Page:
In nature the female ostrich lays about 12 eggs in a hollow scraped in the ground by the male. All his (up to five) females lay in the same nest, which may contain more than 30 eggs if hungry visitors don’t steal some; ostriches do not count so well, but the male is vigilant and severe on thieves discovered in the act.
Those eggs lying around the margin of the nest may fail to hatch if there are too many, but the ostrich does move and turn them regularly with chin and neck. She spends 42 days hatching them, sitting during the day when her feathers serve as camouflage amidst the drab surroundings of the typical ostrich habitat. Feathered wings that can’t fly still serve to cover and warm eggs, later to shield chicks from the cold. Sitting on eggs on hot days, her wings may move occasionally and feathers are puffed for airing that brings her relief from the sun’s heat.
Ostrich feathers gain their allure from the lateral strands not hooking into each other through the tiny barbules, but allowing them to hang free as fluffy secondary hairs. This benefit evolved in exchange for the inability of the ostrich to fly; the feather parts would have had to cohere for resisting the air, a lost cause in terms of body proportions.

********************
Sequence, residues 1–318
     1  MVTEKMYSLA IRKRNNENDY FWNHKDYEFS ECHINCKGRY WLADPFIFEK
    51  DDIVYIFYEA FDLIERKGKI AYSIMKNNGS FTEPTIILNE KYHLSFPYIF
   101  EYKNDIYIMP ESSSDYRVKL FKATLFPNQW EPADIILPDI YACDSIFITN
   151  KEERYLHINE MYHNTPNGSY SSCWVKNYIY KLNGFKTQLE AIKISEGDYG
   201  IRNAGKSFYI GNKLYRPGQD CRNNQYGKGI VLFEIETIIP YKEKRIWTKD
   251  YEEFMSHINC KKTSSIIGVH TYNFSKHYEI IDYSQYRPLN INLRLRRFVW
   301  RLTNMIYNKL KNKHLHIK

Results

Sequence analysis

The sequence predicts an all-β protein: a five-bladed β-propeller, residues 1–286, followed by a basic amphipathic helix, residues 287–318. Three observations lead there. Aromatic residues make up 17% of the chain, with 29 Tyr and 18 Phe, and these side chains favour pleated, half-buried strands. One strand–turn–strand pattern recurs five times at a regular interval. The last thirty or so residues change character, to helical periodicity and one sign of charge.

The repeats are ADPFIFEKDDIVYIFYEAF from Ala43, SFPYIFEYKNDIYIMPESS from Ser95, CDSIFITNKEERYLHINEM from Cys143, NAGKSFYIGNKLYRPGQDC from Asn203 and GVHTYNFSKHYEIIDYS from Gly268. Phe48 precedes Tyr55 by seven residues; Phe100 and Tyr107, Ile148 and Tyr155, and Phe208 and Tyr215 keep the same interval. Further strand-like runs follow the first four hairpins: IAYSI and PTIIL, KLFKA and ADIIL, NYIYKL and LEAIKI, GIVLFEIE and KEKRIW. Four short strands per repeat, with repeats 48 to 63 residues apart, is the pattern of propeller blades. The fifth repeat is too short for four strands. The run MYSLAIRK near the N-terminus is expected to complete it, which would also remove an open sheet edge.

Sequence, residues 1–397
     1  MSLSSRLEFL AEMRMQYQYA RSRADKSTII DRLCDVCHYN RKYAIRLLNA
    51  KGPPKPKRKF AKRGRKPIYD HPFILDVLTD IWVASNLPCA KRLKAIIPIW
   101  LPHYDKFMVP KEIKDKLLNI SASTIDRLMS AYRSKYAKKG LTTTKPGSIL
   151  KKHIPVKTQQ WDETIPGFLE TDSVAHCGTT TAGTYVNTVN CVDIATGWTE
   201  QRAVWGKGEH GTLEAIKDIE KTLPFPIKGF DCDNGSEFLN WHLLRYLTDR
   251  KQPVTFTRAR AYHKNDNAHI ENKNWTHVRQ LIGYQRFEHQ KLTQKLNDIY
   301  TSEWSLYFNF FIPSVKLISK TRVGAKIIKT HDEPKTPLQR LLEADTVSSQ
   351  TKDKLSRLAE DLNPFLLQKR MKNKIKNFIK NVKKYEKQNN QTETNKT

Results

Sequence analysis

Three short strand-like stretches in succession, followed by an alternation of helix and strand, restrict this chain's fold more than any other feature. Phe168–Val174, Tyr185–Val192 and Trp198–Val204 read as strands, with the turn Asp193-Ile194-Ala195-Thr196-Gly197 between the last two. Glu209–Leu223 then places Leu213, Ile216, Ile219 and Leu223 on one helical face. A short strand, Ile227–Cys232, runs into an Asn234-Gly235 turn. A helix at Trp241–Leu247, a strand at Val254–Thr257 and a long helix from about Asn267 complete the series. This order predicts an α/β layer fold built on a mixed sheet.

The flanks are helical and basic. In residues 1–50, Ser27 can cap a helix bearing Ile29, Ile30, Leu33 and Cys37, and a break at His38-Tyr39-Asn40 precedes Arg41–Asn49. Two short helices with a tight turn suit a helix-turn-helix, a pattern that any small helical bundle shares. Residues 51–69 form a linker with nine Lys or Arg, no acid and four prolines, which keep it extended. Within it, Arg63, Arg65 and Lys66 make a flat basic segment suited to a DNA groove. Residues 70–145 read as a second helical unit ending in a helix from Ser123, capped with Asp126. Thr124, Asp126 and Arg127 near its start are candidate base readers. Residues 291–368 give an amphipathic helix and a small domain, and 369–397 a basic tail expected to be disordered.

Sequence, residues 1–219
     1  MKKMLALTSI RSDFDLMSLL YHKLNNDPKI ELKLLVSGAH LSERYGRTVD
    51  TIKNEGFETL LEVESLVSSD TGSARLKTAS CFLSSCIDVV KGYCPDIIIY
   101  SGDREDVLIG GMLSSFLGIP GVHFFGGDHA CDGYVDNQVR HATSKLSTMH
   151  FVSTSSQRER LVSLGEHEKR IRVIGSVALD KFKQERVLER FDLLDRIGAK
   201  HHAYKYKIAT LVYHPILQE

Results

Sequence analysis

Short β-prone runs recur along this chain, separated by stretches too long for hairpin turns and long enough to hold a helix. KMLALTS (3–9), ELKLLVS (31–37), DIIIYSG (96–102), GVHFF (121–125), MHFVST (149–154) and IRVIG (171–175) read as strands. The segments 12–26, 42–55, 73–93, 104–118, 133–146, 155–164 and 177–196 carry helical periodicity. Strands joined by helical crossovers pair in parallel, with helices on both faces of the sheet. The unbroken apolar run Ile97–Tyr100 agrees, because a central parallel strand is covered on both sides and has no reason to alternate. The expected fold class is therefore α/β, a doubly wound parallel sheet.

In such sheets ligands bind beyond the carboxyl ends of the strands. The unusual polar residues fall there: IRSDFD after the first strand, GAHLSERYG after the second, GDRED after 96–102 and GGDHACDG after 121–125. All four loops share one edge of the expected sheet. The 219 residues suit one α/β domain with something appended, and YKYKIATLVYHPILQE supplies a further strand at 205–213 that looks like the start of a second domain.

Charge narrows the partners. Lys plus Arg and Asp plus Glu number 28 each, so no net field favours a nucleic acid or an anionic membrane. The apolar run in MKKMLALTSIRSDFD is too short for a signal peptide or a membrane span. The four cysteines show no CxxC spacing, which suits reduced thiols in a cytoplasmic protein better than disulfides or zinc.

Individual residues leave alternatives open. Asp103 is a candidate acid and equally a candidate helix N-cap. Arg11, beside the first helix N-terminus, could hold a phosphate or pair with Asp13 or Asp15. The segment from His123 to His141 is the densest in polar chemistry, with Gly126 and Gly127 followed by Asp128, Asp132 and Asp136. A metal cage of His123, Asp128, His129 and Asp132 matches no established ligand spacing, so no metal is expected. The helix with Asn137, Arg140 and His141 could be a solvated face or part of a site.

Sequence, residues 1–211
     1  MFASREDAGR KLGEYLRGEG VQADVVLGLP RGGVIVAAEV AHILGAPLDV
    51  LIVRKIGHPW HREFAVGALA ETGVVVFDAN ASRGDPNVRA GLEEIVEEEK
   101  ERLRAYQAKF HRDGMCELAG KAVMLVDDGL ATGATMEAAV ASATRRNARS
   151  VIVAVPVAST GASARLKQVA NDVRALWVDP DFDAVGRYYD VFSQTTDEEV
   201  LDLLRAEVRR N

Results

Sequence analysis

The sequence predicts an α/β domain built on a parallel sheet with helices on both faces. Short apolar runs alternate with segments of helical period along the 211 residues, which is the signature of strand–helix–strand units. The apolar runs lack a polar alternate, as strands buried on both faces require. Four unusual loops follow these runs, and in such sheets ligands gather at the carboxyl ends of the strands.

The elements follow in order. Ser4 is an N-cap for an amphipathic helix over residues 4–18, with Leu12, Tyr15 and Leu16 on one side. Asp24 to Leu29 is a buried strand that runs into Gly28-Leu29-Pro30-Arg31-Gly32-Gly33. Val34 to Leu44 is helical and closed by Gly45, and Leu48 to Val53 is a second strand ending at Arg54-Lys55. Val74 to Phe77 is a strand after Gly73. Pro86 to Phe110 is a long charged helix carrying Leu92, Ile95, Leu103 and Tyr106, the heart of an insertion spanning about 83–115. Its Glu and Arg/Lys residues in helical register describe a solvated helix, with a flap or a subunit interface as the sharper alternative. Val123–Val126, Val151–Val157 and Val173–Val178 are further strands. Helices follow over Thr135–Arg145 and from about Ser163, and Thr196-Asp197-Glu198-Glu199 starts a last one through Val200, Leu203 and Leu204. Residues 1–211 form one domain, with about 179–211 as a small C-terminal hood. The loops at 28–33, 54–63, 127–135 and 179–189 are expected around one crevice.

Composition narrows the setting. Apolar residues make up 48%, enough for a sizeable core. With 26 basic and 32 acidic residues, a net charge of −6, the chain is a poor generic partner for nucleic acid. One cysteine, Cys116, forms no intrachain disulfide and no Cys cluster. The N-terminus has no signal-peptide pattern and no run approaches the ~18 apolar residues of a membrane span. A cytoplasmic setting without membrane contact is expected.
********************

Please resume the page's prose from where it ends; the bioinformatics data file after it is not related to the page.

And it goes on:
The male sits on the eggs at night, considerate or conveniently. His black feathers, appropriate in the dark against predators and egg snatchers, now keep him warm while sleeping, free from suffering excessive heat absorption that would occur on hot days from day hatching duty. It is the wife that does the daytime hard yards, her grey feathers do lessen the discomfort by reflecting some heat from the sun.
The chicks weighing 800 grams when hatched have straw-like feathers serving as camouflage. They do not need to eat for four days and start off with their parents’ droppings, functioning similarly to colostrum in new-born mammals.
The bulge in the oesophagus visible in picture just below the head is a mouthful of food sliding down. She lifts her head periodically while eating to allow this to happen; gravity having its uses confirmed by ostrich wisdom.
And no, the ostrich does not bury its head in the sand as Pliny wrote long ago and popular belief today still has it among those not familiar with these birds. When sitting, they will lower their heads onto or near the ground to prevent being detected (Riëtte, 2016; Goldie, 1964; Wikipedia).
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